Mary Henry was born in Sonoma, California in 1913. After receiving a BFA from the California College of the Arts, Henry won a printmaking contest through Iowa State University, where she was subsequently offered a teaching position. Henry taught in Iowa for several years, before returning to San Francisco where she studied printmaking at the California School of Fine Arts. While her husband served in WWII, Henry worked for Hewlett-Packard drafting engineering drawings and blueprints in an effort to support herself and her daughter. In 1939, Henry attended a lecture by the famed Bauhaus artist László Moholy-Nagy. Henry was so inspired by Moholy-Nagy’s artwork and theories on design that she moved to Chicago to study with him at the Institute of Design, where she received her master’s degree.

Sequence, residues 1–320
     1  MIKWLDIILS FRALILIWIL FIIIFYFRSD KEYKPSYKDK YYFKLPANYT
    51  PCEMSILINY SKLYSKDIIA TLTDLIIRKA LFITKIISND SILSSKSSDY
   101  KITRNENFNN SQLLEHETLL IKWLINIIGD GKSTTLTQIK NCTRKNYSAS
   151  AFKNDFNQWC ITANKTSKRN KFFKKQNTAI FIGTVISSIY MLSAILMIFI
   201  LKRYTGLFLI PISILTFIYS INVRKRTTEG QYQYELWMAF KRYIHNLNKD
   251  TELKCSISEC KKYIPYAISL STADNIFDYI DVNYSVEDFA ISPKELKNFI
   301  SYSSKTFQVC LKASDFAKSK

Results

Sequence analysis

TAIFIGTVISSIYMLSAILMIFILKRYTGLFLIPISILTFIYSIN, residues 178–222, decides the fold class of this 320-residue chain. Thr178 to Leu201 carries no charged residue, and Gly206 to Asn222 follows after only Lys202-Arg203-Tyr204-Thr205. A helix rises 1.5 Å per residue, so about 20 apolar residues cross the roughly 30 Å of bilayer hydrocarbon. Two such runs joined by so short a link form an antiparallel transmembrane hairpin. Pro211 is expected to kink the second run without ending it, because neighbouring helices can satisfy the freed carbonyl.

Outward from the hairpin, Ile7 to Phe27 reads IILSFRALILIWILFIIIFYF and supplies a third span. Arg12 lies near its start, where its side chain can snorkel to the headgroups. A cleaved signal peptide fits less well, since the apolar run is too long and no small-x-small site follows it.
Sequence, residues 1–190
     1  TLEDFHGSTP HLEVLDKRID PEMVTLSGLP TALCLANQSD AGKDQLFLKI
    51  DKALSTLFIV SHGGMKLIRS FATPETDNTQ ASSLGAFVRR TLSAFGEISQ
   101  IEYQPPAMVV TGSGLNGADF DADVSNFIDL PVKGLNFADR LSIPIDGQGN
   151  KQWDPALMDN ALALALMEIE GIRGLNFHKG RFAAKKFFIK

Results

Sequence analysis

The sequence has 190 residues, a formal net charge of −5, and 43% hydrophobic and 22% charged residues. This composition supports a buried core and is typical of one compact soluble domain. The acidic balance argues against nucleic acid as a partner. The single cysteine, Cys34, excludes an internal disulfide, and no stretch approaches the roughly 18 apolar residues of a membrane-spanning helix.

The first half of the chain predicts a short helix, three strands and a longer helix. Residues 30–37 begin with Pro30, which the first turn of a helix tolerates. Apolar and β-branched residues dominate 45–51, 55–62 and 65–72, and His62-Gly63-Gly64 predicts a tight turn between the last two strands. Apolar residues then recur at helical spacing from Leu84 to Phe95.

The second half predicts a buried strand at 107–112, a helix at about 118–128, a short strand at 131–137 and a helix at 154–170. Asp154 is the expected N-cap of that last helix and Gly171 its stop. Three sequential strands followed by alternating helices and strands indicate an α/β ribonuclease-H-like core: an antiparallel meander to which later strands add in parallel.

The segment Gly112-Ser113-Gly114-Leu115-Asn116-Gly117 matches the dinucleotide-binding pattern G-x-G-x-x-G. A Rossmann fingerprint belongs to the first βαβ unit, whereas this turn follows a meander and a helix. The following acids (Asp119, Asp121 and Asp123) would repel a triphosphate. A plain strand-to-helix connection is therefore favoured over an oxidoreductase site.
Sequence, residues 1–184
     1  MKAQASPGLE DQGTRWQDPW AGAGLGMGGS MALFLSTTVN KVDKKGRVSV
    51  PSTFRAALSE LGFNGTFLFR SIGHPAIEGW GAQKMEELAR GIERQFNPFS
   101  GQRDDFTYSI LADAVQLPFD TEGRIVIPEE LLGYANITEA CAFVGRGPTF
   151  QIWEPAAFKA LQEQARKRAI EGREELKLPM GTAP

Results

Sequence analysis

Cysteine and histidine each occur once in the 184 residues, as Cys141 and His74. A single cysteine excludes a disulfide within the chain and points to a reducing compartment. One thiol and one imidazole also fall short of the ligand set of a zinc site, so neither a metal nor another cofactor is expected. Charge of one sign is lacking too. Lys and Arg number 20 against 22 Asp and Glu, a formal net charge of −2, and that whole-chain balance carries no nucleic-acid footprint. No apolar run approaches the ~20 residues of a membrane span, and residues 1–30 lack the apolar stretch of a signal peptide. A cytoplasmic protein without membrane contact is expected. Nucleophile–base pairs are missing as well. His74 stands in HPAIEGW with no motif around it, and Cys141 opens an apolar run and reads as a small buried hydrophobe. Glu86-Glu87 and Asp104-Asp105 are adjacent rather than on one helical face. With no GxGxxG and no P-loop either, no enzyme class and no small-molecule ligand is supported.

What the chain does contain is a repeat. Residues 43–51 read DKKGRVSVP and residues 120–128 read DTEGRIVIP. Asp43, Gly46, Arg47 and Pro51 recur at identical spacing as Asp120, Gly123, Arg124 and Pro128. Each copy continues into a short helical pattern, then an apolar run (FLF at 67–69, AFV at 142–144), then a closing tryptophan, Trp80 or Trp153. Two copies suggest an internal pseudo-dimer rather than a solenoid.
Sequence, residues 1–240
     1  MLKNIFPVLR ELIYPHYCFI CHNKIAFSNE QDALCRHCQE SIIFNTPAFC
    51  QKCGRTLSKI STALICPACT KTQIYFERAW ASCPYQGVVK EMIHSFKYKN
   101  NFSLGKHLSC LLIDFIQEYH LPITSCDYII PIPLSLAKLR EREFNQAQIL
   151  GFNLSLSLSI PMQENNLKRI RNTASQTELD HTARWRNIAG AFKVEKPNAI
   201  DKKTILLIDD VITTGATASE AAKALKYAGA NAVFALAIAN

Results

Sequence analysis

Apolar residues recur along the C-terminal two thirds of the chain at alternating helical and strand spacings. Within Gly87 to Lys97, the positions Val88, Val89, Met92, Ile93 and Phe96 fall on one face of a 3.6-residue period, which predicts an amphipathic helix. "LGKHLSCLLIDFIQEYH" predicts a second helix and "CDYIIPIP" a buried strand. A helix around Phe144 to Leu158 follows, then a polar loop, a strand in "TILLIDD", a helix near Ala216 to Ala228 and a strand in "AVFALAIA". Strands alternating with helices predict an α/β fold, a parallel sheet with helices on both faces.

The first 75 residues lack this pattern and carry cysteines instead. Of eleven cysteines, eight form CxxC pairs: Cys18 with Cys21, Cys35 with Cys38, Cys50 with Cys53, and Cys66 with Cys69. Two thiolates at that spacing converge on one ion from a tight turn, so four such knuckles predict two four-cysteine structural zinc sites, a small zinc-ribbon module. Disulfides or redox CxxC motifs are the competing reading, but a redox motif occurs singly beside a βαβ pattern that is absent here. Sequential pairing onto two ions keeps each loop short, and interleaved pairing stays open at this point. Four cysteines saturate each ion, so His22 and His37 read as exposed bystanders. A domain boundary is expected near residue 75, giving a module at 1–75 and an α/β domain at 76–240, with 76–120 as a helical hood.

After earning her master’s, Henry was offered a teaching position at the Institute of Art in Chicago, the first job the institution offered to a woman. At the same time, Henry was invited to teach in the architecture department at MIT. She ended up declining both positions to follow her husband to Arkansas, where he researched malaria prevention and treatment. It was in Arkansas that Henry won a national kitchen design competition that inspired her to become a licensed interior designer. After divorcing her husband in 1964, Henry returned to California where she ran a bed and breakfast and worked as a painter part-time.